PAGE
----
Alexandra Fehrman is a Re-Recording Mixer and Supervising Sound Editor based in Los Angeles. Our Product Specialist, Freddy Vinehill-Cliffe, sat down recently for a chat with Alexandra about how she got started in the industry, and how NUGEN fits into her workflow.
Follow Alexandra on Instagram.
Hi Alexandra. Could you tell me about how you got started in the audio industry, and the route that took you to where you are now?
"As a teenager I was learning guitar, but I was not a natural guitarist. I ended up in the control room of a recording studio, and the engineer thought it was kind of funny that I was interested."
Sure! As a teenager I was learning guitar, but I was not a natural guitarist. I ended up in the control room of a recording studio, and the engineer thought it was kind of funny that I was interested. He asked me to rewire a patchbay he was switching from ¼ inch to TT, and I loved it! So I kept going back there every day, and he taught me about mixing and tracking. After that I moved to LA, and I learned Pro Tools, because that original studio was 100% analog. I worked in recording studios for a while, but I encountered a lot of “oddities”, so I decided to branch out to film and television. I became a stage tech for several years, and during that time I learned about mixing and sound design, until I started getting my own projects as a mixer and sound designer. I have been working in film and television since 2007.
I know you recently worked on The Boys for Amazon. I was looking at your IMDB page, and I saw that one of your earliest credits was for a few episodes of Workaholics.
"It’s easy in some ways, because people can deliver stuff to me, I can open up the session, mix a TV show, spit it out, and send it back."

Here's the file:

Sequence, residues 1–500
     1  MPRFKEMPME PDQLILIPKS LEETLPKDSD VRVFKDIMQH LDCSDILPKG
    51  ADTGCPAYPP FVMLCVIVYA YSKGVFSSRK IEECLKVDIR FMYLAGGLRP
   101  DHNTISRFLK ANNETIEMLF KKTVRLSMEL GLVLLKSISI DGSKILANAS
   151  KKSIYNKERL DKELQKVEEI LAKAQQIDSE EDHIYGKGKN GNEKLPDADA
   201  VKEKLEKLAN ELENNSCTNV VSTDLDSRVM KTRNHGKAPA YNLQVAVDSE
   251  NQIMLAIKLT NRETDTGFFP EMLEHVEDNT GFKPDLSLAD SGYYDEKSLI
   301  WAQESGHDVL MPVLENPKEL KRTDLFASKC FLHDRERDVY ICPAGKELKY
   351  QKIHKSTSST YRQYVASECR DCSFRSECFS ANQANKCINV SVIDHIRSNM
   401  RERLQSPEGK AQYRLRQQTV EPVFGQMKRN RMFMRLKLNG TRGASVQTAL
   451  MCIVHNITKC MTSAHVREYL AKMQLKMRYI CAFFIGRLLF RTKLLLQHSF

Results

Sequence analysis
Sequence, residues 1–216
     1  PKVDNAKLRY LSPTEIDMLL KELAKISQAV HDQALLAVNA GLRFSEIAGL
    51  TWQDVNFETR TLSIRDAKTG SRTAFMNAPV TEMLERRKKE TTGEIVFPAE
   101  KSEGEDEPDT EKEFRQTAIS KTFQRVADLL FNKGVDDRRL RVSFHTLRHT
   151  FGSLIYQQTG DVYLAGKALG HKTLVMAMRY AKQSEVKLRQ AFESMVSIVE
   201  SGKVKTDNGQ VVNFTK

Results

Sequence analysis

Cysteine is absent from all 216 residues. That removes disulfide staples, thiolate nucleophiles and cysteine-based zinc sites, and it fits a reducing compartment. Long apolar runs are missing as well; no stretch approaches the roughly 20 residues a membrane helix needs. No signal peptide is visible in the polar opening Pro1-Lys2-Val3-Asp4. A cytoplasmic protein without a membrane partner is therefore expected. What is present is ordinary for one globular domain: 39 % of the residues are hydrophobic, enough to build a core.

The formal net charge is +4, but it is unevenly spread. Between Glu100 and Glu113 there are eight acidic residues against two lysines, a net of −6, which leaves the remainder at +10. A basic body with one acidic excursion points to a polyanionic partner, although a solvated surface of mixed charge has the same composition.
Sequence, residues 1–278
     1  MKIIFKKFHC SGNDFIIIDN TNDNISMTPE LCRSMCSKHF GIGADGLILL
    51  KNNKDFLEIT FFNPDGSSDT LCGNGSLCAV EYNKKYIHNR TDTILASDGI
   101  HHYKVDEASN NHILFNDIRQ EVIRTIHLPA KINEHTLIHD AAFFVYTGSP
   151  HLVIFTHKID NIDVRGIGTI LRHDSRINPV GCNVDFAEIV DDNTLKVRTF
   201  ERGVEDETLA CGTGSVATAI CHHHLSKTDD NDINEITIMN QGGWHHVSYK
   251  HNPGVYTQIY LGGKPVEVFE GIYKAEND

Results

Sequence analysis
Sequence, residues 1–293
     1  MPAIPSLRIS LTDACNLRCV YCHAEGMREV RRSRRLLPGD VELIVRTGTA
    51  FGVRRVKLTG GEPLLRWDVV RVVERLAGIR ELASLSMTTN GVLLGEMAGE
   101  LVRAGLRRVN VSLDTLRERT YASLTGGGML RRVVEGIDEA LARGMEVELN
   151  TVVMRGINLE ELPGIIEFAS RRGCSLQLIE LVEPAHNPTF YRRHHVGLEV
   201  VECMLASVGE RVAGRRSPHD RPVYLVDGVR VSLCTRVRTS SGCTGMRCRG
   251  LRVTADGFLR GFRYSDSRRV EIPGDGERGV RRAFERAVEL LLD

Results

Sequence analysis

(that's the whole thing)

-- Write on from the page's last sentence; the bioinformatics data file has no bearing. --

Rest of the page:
That show was great to work on! After we mixed the first season, they didn’t air it for like 8 months and we thought it might never see the light of day. But then it did, and everybody loved it! It was so fun, I couldn’t wait for my friends to see it.
So do you tend to focus on television work over and above feature film projects?
I love working on both, I work on a lot of television and try to do at least one feature film a year. I really love working on features, but the schedules are less concrete, so it’s hard to juggle television work with feature work. I think it’s becoming easier to schedule now because a lot of the streaming shows mix in blocks, so you’ll do something like 8 episodes in 8 weeks. I worked on a feature over the summer called The Happiest Season, and just before that I did a film called CODA, which was just at Sundance - it got a lot of attention there!
Are you finding that work is still slow as a result of the pandemic, or is it picking up?
"It’s a little slower than usual, but it’s definitely coming back! I think there will be a big push to get content made early next year."
I wouldn’t say it’s back to normal, but there are a lot of things on the horizon. This time last year I was working 7 days a week, almost every week, but now I’m doing 5 days, sometimes 3 days. I think my colleagues are experiencing the same thing, where it’s a little slower than usual, but it’s definitely coming back! I think there will be a big push to get content made early next year.
I find it hard to take time off, but I think it’s been good to take a break, and to digest what is happening. Those of us who have been lucky enough to keep working through this, we’re kind of putting blinders on and diving into our work, but I think we have to realise collectively that this is such a crazy thing to digest.
I think it will be very jarring when things go back to normal. Do you feel like your workflow has changed a lot? Do you have a home studio of any kind?
I’m actually at my home studio today, it’s a built-out garage. But my workflow hasn’t changed significantly for mixing. We are still going into the studio, double-masked with a limited number of people on the stage. We’re working the same way as before, but most of the producers are listening back remotely. At first I was worried about not knowing what the client is hearing, but in the end it’s actually quite interesting, because you get feedback from somebody wearing consumer grade headphones, and from somebody else in their home theatre, or somebody using TV speakers. You get an interesting perspective, and you can make sure it’s translating to all those formats.
Have you found that you’re using something like Halo Downmix more often?